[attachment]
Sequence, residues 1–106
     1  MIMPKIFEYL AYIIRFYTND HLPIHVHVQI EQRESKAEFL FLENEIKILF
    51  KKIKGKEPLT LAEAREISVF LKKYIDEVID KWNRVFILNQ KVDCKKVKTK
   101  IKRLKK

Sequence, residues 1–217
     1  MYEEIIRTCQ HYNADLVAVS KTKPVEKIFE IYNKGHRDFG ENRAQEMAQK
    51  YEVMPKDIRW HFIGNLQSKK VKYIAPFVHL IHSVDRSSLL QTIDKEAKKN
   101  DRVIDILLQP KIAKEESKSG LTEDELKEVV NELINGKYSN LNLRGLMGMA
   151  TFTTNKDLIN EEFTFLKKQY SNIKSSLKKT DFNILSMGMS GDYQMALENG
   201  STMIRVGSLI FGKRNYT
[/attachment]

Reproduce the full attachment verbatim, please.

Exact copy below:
Sequence, residues 1–106
     1  MIMPKIFEYL AYIIRFYTND HLPIHVHVQI EQRESKAEFL FLENEIKILF
    51  KKIKGKEPLT LAEAREISVF LKKYIDEVID KWNRVFILNQ KVDCKKVKTK
   101  IKRLKK

Sequence, residues 1–217
     1  MYEEIIRTCQ HYNADLVAVS KTKPVEKIFE IYNKGHRDFG ENRAQEMAQK
    51  YEVMPKDIRW HFIGNLQSKK VKYIAPFVHL IHSVDRSSLL QTIDKEAKKN
   101  DRVIDILLQP KIAKEESKSG LTEDELKEVV NELINGKYSN LNLRGLMGMA
   151  TFTTNKDLIN EEFTFLKKQY SNIKSSLKKT DFNILSMGMS GDYQMALENG
   201  STMIRVGSLI FGKRNYT